Trees provide shade in the landscape, while flowers enhance a setting with their attractive blossoms. Some plants display characteristics that perform both these functions. The tulip poplar tree (Liriodendron tulipifera L.) produces greenish-yellow flowers in the late spring. A member of the magnolia family, this tree bears some resemblance to true poplar trees. Tulip poplar trees thrive in the eastern United States but tolerate a variety of climate zones, from Canada through Florida. Proved your tulip tree with the necessary elements to help it flourish and grow to its mature height around 100 feet.
Plant your tulip poplar tree in an area of your yard that provides full sunlight. These trees thrive in areas with bright light, but tolerate occasional, light shade. Avoid planting your tulip tree seedling under larger trees that may block the sunlight. The roots of larger trees can rob the soil of its nutrients, compromising the health of your tulip tree. Choose an area that provides young trees with protection from heavy, damaging winds.
Loosen the soil in your planting site and mix equal amounts of compost and soil to form a rich, well-drained medium for your tree. This tree tolerates the pH levels of most average garden soils, ranging from 4.5 to 7.5, but requires loose textured soil to prosper. Mix your compost in thoroughly and dig a hole twice to three times as wide as the roots of your young tree. Set your tulip tree's roots in the hole and backfill with soil, keeping the planting depth the same as it was in the container. Gently press the soil over the roots of your tulip poplar to expel any air pockets.
Water your tree regularly to help it grow. Keep the soil slightly moist at all times by applying about 3 inches of water every 5 to 7 days during periods without rain. Apply water slowly allow the roots to absorb the moisture and minimize runoff.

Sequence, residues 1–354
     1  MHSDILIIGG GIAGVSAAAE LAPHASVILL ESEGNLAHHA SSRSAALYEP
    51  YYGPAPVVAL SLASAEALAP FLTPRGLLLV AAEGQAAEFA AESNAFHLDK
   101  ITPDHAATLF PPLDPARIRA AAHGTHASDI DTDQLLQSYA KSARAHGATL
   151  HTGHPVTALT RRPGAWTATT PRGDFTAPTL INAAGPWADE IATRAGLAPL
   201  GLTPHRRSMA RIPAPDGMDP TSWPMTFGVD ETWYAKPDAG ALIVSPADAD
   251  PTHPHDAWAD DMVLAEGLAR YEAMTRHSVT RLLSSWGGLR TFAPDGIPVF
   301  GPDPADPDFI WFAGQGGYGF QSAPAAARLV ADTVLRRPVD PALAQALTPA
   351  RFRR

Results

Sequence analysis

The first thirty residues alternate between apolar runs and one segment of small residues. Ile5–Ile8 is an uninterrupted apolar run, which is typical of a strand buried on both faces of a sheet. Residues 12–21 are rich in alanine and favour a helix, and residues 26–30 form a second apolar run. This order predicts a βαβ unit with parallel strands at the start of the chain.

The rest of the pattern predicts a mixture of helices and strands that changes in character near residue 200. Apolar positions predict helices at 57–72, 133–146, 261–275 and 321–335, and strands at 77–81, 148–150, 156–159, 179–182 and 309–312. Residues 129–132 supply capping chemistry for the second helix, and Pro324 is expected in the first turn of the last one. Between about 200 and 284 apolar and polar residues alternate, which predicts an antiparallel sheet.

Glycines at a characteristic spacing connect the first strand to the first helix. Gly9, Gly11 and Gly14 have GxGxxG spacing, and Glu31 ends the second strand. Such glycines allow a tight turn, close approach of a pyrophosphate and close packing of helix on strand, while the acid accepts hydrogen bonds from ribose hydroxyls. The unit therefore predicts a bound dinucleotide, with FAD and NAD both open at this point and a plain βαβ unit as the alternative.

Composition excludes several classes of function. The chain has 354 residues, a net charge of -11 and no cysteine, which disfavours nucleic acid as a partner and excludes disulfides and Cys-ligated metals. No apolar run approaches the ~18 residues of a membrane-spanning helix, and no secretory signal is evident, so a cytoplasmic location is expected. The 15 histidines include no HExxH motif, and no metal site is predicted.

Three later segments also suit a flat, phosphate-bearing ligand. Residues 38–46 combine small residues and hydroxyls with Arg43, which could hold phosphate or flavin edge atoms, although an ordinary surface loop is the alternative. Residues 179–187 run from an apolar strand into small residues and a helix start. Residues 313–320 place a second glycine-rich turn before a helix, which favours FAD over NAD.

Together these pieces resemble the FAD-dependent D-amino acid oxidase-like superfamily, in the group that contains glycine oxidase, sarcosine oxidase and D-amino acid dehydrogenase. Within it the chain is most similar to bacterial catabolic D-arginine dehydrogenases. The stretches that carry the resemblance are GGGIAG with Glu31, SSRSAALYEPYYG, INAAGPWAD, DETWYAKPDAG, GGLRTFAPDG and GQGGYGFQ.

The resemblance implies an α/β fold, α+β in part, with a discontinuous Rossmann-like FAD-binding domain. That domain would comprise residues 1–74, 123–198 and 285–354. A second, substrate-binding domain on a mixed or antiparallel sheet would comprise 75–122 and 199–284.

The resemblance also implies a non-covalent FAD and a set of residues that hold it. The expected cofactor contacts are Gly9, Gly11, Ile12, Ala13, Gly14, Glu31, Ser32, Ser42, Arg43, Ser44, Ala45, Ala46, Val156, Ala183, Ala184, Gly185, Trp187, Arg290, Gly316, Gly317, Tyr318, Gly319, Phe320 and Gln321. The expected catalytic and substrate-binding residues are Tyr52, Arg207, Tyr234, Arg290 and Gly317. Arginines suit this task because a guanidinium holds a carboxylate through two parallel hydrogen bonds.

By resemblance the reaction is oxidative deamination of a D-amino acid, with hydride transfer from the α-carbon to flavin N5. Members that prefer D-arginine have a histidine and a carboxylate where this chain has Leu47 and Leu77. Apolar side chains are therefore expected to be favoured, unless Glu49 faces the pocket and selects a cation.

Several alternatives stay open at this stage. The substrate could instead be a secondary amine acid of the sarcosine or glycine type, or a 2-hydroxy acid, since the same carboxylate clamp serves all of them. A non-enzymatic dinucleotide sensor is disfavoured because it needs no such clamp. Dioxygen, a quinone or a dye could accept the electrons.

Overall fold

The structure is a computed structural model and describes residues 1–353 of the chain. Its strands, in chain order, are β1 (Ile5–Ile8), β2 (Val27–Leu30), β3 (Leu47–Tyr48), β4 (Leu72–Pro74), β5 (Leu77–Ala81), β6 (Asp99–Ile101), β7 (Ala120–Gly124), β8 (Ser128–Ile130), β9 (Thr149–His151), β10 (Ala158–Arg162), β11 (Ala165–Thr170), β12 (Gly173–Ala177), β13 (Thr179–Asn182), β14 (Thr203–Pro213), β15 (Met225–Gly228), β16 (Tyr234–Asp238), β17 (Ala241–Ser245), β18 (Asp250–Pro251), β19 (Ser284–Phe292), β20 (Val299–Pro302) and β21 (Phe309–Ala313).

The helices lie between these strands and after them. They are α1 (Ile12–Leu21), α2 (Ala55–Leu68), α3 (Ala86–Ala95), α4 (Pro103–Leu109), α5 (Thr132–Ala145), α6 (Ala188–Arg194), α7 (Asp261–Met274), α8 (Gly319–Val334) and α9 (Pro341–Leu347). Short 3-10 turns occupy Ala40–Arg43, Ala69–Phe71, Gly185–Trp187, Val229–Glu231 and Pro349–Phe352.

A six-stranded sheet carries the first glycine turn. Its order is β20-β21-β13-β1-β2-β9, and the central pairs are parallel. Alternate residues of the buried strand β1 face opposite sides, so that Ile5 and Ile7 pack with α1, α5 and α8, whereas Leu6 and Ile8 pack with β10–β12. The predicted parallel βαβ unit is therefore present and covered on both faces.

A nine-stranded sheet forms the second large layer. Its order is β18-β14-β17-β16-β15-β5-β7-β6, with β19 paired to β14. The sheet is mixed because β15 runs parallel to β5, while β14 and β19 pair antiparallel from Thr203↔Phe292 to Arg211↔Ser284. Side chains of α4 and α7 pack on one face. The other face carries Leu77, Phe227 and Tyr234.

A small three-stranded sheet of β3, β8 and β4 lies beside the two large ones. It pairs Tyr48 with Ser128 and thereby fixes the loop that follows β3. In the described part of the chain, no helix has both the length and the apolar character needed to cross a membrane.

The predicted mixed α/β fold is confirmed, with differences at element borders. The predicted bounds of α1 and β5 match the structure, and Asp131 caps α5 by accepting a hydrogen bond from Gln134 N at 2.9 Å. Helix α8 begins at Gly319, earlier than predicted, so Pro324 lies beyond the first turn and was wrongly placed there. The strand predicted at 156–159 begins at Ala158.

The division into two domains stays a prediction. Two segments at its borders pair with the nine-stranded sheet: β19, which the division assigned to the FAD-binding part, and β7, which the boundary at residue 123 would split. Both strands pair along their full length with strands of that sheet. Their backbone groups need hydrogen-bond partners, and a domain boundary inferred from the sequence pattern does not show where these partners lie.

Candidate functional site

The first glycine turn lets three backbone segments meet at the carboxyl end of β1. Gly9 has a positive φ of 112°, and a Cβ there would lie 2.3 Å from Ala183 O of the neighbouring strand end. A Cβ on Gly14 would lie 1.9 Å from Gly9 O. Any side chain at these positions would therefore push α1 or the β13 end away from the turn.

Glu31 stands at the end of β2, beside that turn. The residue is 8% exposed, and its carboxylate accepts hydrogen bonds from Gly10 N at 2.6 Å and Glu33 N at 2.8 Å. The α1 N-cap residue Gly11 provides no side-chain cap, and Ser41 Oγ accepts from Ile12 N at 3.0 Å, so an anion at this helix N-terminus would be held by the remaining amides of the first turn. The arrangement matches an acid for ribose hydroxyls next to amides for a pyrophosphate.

Prune your tulip poplar tree to remove damaged areas of growth. These trees do not require seasonal pruning, but benefit from the occasional trimming of broken or dead branches. Use a limb saw to cut damaged limbs within a couple of inches of the main trunk.
Apply a fertilizer to the soil around your tulip poplar tree. Select a time-release fertilizer formulated for use on deciduous trees. Lightly apply this fertilizer to the soil beneath the canopy of your tree once each year, in the spring or summer.
Check your tree for diseases and disorders. Although tulip poplars seldom suffer from serious conditions, you can help your tree flourish by recognizing and treating any disorders. Look for spotted and misshapen leaves. Examine the leaves and limbs for signs of insects, such as fine webs, chewed leaves and hard nodes on the leaves. These signs may indicate the presence of weevils or canker disorders. Treat an infected tree with a pesticide labeled for use on large, deciduous trees. Apply the pesticide to your tulip poplar tree, according to the manufacturer's instructions.